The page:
Security forces detained more than 1,300 people in Russia on Wednesday at protests condemning mobilizationa rights group said, hours after President Vladimir Putin ordered Russia’s first military draft since World War II.
The independent OVD-Info protest monitoring group said that according to information it had collected from 38 Russian cities, more than 1,311 people had been detained by late evening.
It said those numbers included at least 502 in Moscow and 524 in St. Petersburg, Russia’s second most populous city. Unsanctioned demonstrations are illegal under Russia’s anti-protest laws.
Russian Interior Ministry official Irina Volk said in a statement cited by Russian news agencies that officers had broken up attempts to stage what it called small protests.
“In a number of regions there were attempts to stage unauthorized acts which brought together an extremely small number of participants,” Volk was quoted as saying.
“These were all stopped. And the people who violated laws were detained and taken to police stations for investigation and to determine their responsibility.”
One-way flights out of Russia surged in price and quickly sold out on Wednesday after Putin ordered the immediate call-up of 300,000 reservists.
The opposition movement Vesna called for protests, saying: “Thousands of Russian men, our fathers, brothers and husbands, will be thrown into the meat grinder of war. What will they die for? What will mothers and children cry for?”
Moscow’s prosecutor’s office warned that organizing or participating in protests could lead to up to 15 years in prison. Authorities have issued similar warnings ahead of other protests. Wednesday was the first nationwide anti-war protests since the fighting began in late February.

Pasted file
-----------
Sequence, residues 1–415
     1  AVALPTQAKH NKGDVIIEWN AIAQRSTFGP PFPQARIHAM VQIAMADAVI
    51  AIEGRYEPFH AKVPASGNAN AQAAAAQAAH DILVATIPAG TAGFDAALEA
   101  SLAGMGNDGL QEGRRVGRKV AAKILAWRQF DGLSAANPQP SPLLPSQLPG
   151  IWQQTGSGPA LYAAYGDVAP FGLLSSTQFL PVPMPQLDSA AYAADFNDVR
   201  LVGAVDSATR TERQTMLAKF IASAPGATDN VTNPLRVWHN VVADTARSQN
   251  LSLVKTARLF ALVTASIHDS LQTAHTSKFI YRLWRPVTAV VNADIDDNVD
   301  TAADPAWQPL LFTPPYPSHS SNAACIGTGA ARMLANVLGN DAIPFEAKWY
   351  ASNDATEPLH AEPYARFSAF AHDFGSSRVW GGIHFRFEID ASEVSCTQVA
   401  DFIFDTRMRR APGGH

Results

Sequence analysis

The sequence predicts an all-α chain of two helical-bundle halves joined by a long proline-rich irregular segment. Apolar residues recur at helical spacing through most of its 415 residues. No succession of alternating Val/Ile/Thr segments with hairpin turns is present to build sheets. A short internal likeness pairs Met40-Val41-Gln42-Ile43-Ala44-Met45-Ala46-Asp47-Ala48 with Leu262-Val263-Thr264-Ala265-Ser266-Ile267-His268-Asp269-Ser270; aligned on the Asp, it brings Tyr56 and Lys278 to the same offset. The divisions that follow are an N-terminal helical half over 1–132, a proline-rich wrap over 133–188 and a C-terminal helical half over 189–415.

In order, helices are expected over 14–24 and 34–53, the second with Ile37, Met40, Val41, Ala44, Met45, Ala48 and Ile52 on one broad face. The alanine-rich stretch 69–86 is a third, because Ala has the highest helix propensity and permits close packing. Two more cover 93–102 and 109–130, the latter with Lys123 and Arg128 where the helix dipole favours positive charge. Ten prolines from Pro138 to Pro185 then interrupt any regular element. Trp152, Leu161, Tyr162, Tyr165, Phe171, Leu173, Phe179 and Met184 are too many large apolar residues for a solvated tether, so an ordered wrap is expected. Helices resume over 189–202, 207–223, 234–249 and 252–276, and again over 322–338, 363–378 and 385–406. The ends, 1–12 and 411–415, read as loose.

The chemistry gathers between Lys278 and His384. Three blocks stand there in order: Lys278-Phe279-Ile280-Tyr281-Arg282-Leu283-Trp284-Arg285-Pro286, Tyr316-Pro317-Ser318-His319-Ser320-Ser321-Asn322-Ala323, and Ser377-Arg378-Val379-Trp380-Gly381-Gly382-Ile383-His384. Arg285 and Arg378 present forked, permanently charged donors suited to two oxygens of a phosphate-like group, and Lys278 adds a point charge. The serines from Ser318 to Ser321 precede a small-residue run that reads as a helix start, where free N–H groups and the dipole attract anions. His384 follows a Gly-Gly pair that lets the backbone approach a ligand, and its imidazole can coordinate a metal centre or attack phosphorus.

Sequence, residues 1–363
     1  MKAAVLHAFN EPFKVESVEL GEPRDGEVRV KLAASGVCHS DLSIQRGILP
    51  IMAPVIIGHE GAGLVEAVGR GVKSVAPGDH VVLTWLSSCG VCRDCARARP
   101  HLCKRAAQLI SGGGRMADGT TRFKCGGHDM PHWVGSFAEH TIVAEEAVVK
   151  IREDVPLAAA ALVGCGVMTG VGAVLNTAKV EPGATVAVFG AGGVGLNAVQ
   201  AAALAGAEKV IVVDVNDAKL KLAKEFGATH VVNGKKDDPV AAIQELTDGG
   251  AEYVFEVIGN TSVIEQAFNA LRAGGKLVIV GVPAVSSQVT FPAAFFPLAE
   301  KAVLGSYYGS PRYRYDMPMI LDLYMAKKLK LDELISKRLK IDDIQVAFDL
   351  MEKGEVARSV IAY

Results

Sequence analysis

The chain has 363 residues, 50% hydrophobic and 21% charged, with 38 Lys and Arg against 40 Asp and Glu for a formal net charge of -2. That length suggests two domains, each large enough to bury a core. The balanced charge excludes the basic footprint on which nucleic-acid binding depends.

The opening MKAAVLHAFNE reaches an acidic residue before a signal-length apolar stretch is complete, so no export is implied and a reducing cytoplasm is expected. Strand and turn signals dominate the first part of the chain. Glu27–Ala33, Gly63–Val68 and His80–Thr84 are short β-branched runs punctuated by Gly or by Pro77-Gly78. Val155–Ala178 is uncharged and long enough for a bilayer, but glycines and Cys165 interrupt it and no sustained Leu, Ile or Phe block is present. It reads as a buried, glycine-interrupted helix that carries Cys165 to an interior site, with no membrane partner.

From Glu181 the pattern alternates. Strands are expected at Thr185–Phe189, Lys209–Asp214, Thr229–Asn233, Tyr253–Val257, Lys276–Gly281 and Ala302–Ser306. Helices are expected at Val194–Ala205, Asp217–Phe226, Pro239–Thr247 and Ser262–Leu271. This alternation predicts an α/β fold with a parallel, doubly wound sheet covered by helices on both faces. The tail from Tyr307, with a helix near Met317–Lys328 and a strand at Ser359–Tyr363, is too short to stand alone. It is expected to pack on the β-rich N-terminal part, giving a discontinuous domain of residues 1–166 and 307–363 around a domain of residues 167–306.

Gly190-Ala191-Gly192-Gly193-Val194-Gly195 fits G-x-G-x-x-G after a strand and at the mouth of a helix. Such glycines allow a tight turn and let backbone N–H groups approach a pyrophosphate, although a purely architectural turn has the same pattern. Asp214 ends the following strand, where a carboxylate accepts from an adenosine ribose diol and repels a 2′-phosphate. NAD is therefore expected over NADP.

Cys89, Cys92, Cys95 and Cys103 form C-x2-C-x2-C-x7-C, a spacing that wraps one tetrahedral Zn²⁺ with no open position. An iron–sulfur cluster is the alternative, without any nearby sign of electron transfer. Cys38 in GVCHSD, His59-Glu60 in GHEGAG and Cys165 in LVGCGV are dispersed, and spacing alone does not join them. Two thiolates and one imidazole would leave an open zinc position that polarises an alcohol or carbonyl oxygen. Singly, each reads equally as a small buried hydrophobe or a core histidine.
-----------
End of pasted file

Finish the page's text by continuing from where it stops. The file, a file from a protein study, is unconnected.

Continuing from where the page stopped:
AFP journalists in central Moscow said at least 50 people were detained by police wearing anti-riot gear on a major shopping street.
In St. Petersburg, AFP reporters saw police surround a small group of protesters and detain them one by one and load them onto a bus.
Demonstrators chanted “No mobilization!”
“Everyone is afraid. I’m for peace and I don’t want to have to shoot. But coming out now is very dangerous, otherwise there would be many more people,” said protester Vasily Fedorov, a student wearing a pacifist symbol on his chest.
“I came out to the rally and planned to attend, but it seems they have already arrested everyone. This regime has condemned itself and is destroying its youth,” said Alexei, a 60-year-old resident who declined to give his last name.
“Why do you serve Putin, a man who has been in power for 20 years!” a young protester shouted at a policeman.
“I came to say that I am against war and mobilization,” Oksana Sidorenko, a student, told AFP. “Why are they deciding my future for me? I’m scared for myself, for my brother,” she added.
Alina Skvortsova, 20, said she hoped Russians would soon understand the nature of the Kremlin’s offensive in neighboring countries Ukraine. “As soon as they really understand it, they will come out into the streets despite the fear,” she said.
In Yekaterinburg, Russia’s fourth-largest city, police dragged some of the 40 protesters detained at an anti-war rally on buses. A woman in a wheelchair shouted, referring to the Russian president: “Damn the bald head ‘nut job’. He’s going to drop a bomb on us and we’re still all protecting him. I’ve said enough.”
The Interfax news agency quoted the Russian Interior Ministry as saying it had stopped attempts to “organize unauthorized gatherings”.
All the demonstrations were stopped and those who committed “violations” were arrested and taken away by the police pending an investigation and prosecution, it added.
With Reuters, Associated Press and Agence France-Presse